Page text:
10 Beautiful Places To Visit In Mauritius

Mauritius, an Indian Ocean island nation known for its stunning beaches, lagoons, and reefs, is also home to fascinating wildlife, diverse cultural experiences, and breathtaking landscapes. Below are ten must-visit attractions for any traveler yearning for relaxation, adventure, and a taste of paradise.

1. Le Morne Brabant

The iconic Le Morne Brabant is a symbol of Mauritius’s fight for freedom. This majestic mountain stands as a towering backdrop to some of the island’s most serene beaches. At 556 meters tall, the mountain is not just a UNESCO World Heritage site but also a beacon for hikers and history enthusiasts. A hike to the summit offers panoramic views of the island and the opportunity to spot rare plants and wildlife. The mountain’s slopes are steeped in history, as they served as a sanctuary for runaway slaves, and their stories are as captivating as the views from the peak.

At Le Morne’s base, you can also find one of Mauritius’s most breathtaking beaches. The surrounding turquoise waters are perfect for kite surfing, snorkeling, and swimming. The contrast between the verdant green of the mountain and the azure of the Indian Ocean makes for an unforgettable picture, symbolizing the incredible beauty of Mauritius. The area is surrounded by luxury resorts that offer upmarket accommodations and amenities. While there, ensure you capture the sunset from the beach—it’s nothing short of spectacular.

2. Black River Gorges National Park

Sprawling across 6,754 hectares, the Black River Gorges National Park is a green sanctuary for nature lovers and hikers. With its humid upland forest, drier lowland forest, and marshy heathland, the park is an ecological hotspot home to over 300 species of flowering plants and numerous species of endemic birds, such as the Mauritius kestrel, the pink pigeon, and the echo parakeet. Sights such as the Alexandra Falls and the deep gorges of the Rivière Noire offer spectacular photo ops.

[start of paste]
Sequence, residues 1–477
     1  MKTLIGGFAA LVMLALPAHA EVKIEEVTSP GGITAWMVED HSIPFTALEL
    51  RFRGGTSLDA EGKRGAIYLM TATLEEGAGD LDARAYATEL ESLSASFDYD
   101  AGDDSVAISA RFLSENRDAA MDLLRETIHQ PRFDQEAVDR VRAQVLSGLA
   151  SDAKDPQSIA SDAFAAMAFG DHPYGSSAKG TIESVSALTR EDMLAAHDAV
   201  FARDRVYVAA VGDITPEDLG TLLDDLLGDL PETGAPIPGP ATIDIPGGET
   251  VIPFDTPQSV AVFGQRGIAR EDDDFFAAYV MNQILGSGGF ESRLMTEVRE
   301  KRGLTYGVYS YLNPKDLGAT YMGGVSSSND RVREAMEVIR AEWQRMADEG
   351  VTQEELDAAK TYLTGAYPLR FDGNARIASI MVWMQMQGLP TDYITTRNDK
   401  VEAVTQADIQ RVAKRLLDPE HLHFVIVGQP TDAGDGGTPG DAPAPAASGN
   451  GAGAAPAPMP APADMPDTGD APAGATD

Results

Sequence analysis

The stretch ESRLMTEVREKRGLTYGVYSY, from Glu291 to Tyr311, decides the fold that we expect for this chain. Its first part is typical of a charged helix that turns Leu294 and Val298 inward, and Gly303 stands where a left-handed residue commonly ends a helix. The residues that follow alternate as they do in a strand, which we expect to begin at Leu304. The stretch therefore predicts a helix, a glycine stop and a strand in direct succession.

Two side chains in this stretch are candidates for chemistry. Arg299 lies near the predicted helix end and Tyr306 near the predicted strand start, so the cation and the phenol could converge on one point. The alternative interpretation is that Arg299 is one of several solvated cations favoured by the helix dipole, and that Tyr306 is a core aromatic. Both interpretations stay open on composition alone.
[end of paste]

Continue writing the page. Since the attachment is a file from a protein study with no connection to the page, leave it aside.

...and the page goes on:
The park contains about 60 kilometers of trails that weave through the forest and across the gorges. Visitors can choose from leisurely strolls to more challenging treks; each path promises unique encounters with the wild beauty of Mauritius. Whether enjoying a picnic at one of the designated areas or exploring the deep reaches of the park, Black River Gorges is a refreshing escape from the coastal heat and a chance to witness the island’s lush interior. As you explore, keep an ear out for the melody of bird songs and an eye open for the rare, colorful flora dotting the landscape.

3. Île aux Cerfs

Île aux Cerfs, which translates to ‘Deer Island,’ is a postcard-perfect island just off the east coast of Mauritius. Known for its powdery white sands, clear azure waters, and its famous golf course designed by Bernhard Langer, the island lures day-trippers seeking the ultimate relaxation spot. Visitors can spend a day lounging on the beach, swimming in the warm ocean, or enjoying water sports such as parasailing and undersea walking. With several restaurants and beach bars, you’ll have no trouble finding a spot to savor fresh seafood or sip on a cocktail.

What makes Île aux Cerfs irresistibly captivating is its sense of seclusion and untouched natural beauty – despite its popularity among tourists. The island’s golf course, as mentioned before, is another major draw. Golf enthusiasts will relish the experience of playing on a course set against the backdrop of mountains on one side and a shimmering lagoon on the other. Île aux Cerfs is more than just a beach destination; it’s an escape into what feels like a private haven, all within a short boat ride from the mainland.

4. Chamarel and the Seven Coloured Earths